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One of my friends sent me this question but I have never seen anything like that, anyone knows what is it or how can I solve it? Question asks: what's the value of alpha and calculate the power of current source using alpha?

Also what's that thing in the middle?

enter image description here

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    \$\begingroup\$ The ideal source in the center is a current dependent voltage source. The voltage produced by it is proportional to the current i-delta. \$\endgroup\$ Commented Oct 16, 2019 at 20:46
  • \$\begingroup\$ So delta is 400 ? (6v/15ma) and power is 90mW ? Also if I understand it right right part is some kind of current meter ? \$\endgroup\$
    – Mordecai
    Commented Oct 16, 2019 at 20:48
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    \$\begingroup\$ The question title is among the worst I've seen, but I'm stumped as to what it should be. \$\endgroup\$
    – JYelton
    Commented Oct 16, 2019 at 20:54
  • \$\begingroup\$ @JYelton Yeah sorry about that , language differences making it really problematic \$\endgroup\$
    – Mordecai
    Commented Oct 16, 2019 at 20:56
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    \$\begingroup\$ Revisiting this, I have changed the title to be more applicable. \$\endgroup\$
    – JYelton
    Commented Oct 18, 2019 at 21:09

1 Answer 1

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The thing in the middle is a dependent voltage source. It is a voltage source that has a variable voltage, the value of which depends on the given formula.

Now on to solving this puzzle... (it really is much more of a puzzle than a circuit)

The 6 V independent source forces the voltage between the two nodes to be 6 V.

This means that the voltage across the dependent source must also be 6 V. As the +/- signs are reversed, this means that \$\alpha i_\Delta = -6\text{ V}\$. But we know that \$i_\Delta = -15\text{ mA}\$ looking at the current through the current source.

Plugging in \$i_\Delta\$ into the first equation, we get

$$\alpha\cdot(-15\text{ mA}) = -6\text{ V}$$

So

$$\alpha = 400\text{ Ω}$$

You can actually calculate the power of the current source without doing any of this, since \$P = IV\$ and you know both \$I\$ and \$V\$. Just multiply 6 V times 15 mA and you get 90 mW.

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  • \$\begingroup\$ Okay thanks for answer , I have never seen anything like that before . Also I want to be clear , current source's power is 90mW and right part is some kind of current meter ? \$\endgroup\$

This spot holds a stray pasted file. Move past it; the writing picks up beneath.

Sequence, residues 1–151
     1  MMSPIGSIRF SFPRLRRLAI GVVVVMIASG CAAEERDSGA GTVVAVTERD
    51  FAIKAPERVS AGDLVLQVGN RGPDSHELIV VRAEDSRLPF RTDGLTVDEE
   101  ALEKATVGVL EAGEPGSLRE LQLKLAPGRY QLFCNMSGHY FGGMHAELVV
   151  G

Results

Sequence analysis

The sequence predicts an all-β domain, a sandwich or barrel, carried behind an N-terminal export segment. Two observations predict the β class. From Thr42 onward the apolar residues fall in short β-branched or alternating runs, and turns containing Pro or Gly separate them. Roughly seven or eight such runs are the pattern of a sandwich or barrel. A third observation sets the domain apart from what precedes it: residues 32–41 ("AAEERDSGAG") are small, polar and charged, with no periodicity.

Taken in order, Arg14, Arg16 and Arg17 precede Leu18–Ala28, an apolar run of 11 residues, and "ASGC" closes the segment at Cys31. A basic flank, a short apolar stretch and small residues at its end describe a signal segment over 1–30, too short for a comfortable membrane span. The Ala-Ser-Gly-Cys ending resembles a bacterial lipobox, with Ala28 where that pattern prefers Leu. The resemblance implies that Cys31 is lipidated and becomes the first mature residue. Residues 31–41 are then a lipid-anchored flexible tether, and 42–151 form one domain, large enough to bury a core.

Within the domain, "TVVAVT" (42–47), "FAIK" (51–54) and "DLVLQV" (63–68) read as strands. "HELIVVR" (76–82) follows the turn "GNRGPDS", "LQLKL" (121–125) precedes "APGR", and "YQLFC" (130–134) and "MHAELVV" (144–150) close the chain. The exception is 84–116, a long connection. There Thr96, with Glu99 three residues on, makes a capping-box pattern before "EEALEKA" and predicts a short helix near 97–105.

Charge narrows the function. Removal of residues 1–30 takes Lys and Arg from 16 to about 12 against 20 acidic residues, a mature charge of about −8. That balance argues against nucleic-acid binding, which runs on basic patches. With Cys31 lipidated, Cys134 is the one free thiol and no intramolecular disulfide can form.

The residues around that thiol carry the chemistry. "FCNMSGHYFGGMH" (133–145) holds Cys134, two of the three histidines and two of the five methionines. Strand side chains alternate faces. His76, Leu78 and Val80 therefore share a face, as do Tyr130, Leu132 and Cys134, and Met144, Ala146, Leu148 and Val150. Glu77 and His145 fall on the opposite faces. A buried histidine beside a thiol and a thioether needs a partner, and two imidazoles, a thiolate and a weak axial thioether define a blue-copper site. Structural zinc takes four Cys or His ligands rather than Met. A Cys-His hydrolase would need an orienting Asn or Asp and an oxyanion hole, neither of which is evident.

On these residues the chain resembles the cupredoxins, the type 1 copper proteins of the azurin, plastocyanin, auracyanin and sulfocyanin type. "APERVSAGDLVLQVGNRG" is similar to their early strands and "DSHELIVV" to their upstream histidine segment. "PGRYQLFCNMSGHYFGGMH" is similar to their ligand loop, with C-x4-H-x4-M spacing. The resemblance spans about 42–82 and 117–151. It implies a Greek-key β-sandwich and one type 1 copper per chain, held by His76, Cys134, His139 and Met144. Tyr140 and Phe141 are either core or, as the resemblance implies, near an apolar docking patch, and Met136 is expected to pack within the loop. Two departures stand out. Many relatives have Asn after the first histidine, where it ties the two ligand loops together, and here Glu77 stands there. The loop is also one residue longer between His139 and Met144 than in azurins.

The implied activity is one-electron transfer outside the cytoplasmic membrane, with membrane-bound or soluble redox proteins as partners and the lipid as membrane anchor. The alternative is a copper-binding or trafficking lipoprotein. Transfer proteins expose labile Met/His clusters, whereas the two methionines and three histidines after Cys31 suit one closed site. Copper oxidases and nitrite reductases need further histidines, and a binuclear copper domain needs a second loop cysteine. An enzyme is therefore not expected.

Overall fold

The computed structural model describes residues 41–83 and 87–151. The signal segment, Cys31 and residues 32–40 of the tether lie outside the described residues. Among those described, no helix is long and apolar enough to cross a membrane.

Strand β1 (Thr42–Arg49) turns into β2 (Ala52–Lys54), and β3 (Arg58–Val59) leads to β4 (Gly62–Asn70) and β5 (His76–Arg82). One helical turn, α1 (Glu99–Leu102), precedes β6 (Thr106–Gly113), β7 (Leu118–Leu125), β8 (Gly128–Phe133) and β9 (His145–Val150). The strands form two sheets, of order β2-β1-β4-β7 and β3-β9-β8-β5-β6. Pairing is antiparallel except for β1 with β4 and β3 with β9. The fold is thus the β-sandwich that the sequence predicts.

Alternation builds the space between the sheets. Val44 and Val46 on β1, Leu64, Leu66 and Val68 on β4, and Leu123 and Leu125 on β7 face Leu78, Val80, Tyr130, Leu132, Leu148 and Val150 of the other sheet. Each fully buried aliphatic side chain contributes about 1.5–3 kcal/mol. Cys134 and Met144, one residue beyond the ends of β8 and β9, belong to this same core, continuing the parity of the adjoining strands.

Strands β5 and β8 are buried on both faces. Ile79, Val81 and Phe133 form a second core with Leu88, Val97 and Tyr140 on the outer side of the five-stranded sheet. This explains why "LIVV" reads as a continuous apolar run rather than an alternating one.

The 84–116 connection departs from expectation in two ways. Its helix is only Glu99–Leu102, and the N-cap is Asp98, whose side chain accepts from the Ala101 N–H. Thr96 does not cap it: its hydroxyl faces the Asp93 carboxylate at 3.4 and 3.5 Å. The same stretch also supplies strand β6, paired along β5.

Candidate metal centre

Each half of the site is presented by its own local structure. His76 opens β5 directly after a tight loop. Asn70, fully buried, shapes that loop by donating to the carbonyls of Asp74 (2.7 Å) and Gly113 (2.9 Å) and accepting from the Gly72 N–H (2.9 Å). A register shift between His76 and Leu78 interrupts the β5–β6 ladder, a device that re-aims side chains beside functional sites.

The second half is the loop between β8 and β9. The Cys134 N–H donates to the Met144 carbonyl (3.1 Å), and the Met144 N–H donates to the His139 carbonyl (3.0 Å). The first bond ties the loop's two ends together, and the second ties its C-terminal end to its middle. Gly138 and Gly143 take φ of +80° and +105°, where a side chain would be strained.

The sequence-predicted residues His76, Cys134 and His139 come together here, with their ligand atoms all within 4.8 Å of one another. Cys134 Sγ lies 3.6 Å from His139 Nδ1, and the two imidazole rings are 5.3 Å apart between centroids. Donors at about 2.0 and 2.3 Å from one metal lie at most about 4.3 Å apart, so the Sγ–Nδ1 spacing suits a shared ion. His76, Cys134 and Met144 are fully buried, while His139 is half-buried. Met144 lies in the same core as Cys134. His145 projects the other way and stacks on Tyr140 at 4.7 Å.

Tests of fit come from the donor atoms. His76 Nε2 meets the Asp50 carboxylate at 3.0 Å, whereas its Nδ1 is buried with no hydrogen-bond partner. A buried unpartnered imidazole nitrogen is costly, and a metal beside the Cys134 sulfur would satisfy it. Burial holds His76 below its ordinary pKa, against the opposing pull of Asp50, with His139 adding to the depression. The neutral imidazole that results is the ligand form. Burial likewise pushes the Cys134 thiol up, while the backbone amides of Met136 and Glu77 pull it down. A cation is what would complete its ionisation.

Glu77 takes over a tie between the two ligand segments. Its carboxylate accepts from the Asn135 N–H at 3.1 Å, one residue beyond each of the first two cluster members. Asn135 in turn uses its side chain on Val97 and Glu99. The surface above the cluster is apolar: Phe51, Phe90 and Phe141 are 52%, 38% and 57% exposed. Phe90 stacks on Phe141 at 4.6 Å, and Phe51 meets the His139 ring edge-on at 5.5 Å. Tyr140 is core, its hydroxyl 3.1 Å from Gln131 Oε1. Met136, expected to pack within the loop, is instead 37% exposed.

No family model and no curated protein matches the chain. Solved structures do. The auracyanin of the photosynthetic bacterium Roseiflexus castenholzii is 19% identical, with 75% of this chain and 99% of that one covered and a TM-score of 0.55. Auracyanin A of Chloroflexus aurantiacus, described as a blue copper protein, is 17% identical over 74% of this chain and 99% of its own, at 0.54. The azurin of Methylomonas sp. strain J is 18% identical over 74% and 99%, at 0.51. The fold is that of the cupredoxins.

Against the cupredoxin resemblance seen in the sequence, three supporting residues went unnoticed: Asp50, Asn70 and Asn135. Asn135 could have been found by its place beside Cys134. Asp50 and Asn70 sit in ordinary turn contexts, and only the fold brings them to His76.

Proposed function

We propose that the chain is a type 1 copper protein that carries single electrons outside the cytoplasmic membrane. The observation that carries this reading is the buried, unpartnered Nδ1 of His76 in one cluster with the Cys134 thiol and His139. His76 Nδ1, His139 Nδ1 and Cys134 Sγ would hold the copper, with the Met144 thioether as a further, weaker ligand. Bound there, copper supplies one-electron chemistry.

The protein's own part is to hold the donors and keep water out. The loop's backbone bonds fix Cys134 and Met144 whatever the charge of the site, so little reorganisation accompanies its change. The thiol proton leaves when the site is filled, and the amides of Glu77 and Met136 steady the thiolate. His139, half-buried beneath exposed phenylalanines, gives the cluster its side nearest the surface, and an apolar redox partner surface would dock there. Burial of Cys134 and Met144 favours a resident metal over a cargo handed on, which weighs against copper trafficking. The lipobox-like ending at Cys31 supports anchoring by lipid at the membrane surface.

– Mordecai
    Commented Oct 16, 2019 at 20:59
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    \$\begingroup\$ @Mordecai - All three of the circuit elements here are sources. Circular ones are independent sources, meaning the value is constant, and diamond ones are dependent sources, meaning the value changes based on the given formula. If the source has + - in it, it is a voltage source, whereas if it has an arrow it is a current source. In summary, the right part is an independent current source. \$\endgroup\$
    – Justin
    Commented Oct 17, 2019 at 12:31
  • \$\begingroup\$ The part of this circuit that could be called a current meter is the little blue arrow on the top next to \$i_\Delta\$. \$\endgroup\$
    – Justin
    Commented Oct 17, 2019 at 12:32
  • \$\begingroup\$ I researched the topic but whole idea seem like "imaginary" or "ideal" . You can't use this in real life circuits , can you ? \$\endgroup\$
    – Mordecai
    Commented Oct 18, 2019 at 21:21
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    \$\begingroup\$ @Mordecai, you can't put one (ideal) voltage source in parallel with another in a real circuit. But there are lots of devices (transistors, for example) that are modeled with dependent sources. \$\endgroup\$
    – The Photon
    Commented Oct 18, 2019 at 21:36

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